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Monday, September 13, 2004

Kerry's testimony

In an effort to distract voters from a stalled economy and a quagmire in Iraq, the Bush campaign, by way of its minions, has been attempting to increasingly refocus this year's election on the question of John Kerry's service in Vietnam.

John Kerry's valor in Vietnam remained unquestioned for 30 years and I will not lend any space on this website to debating those who attempt to tarnish it now in the context of a presidential campaign.

What I would like to do is address the real source of their anger: John Kerry's testimony before the Committee on Foreign Relations in 1971. The content of this testimony has been distorted beyond belief by the Republican party. To read the full testimony, go to C-Span.

The media has played and replayed the following clip from Kerry's testimony:

"They told the stories at times they had personally raped, cut off ears, cut off heads, tape wires from portable telephones to human genitals and turned up the power, cut off limbs, blown up bodies, randomly shot at civilians, razed villages in fashion reminiscent of Genghis Khan, shot cattle and dogs for fun, poisoned food stocks, and generally ravaged the country side of South Vietnam in addition to the normal ravage of war, and the normal and very particular ravaging which is done by the applied bombing power of this country."

What the media NEVER bothers to include is the two paragraphs that precede this quote, in which Kerry explains that his description is a paraphrase of testimony provided at a Detroit veterans' meeting several months earlier.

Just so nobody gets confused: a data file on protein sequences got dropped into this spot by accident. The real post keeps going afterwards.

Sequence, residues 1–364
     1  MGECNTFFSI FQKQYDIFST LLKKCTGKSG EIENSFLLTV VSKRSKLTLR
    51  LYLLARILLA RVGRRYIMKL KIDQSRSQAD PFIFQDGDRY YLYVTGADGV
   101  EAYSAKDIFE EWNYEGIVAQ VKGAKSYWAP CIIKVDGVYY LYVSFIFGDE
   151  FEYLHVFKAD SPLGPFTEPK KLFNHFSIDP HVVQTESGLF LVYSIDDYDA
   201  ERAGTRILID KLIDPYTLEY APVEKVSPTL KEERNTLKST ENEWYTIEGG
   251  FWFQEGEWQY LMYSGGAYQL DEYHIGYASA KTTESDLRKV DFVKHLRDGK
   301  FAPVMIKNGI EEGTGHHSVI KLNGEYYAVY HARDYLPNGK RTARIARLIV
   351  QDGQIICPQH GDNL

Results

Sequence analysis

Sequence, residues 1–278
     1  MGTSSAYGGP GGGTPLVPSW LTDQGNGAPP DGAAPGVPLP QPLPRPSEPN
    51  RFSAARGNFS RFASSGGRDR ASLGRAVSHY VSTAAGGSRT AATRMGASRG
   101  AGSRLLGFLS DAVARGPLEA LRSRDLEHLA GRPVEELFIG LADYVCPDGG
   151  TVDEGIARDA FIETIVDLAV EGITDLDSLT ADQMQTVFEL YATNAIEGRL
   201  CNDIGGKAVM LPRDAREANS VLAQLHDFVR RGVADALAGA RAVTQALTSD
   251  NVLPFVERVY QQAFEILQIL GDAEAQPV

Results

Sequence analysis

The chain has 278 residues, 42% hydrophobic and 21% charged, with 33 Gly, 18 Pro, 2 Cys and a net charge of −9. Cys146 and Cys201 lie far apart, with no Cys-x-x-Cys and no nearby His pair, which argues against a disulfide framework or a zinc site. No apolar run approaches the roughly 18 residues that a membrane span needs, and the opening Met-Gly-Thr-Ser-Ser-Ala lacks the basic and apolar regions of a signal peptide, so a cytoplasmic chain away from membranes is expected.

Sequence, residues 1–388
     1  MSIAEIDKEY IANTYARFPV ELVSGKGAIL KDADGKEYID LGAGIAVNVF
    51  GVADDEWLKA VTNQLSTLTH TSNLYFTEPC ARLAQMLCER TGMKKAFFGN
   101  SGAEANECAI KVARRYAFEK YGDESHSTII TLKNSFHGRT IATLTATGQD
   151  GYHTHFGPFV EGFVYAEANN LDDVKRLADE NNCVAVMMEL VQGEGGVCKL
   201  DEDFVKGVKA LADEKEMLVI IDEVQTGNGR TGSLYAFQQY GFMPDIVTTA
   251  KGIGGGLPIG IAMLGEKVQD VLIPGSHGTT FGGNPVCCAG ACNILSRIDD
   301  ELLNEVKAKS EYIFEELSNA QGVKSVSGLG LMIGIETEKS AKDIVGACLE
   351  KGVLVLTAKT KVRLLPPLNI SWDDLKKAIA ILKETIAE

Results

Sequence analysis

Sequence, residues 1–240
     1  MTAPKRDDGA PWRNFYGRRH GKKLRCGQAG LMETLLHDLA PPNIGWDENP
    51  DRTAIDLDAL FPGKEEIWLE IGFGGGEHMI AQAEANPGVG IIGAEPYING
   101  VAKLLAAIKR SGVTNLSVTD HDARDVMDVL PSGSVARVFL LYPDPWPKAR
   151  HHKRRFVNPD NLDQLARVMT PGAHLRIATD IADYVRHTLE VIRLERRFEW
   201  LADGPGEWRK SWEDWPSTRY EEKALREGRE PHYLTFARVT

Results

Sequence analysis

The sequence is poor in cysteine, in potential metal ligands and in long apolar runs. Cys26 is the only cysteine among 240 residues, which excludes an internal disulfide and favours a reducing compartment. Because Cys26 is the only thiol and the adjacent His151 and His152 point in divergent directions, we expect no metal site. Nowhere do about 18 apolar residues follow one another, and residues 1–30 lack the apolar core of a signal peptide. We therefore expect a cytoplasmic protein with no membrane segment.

Instead of Kerry summarizing an event, the media makes it look as if this quote was an indictment of every soldier who served in Vietnam.

The above quotation is also only a minute part of a hearing that went on for two hours and touched upon many other issues, a few of which bear comparison to our present situation in Iraq.

Below are some key excerpts from Kerry's testimony:

"In our opinion, and from our experience, there is nothing in South Vietnam, nothing which could happen that realistically threatens the United States of America. And to attempt to justify the loss of one American life in Vietnam, Cambodia or Laos by linking such loss to the preservation of freedom, which those misfits supposedly abuse, is to use the height of criminal hypocrisy, and it is that kind of hypocrisy which we feel has torn this country apart."

"We found most people didn't even know the difference between communism and democracy. They only wanted to work in rice paddies without helicopters strafing them and bombs with napalm burning their villages and tearing their country apart. They wanted everything to do with the war, particularly with this foreign presence of the United States of America, to leave them alone in peace, and they practiced the art of survival by siding with whichever military force was present at a particular time, be it Vietcong, North Vietnamese, or American."

"We are asking Americans to think about that because how do you ask a man to be the last man to dies in Vietnam? How do you ask a man to be the last man to die for a mistake?"


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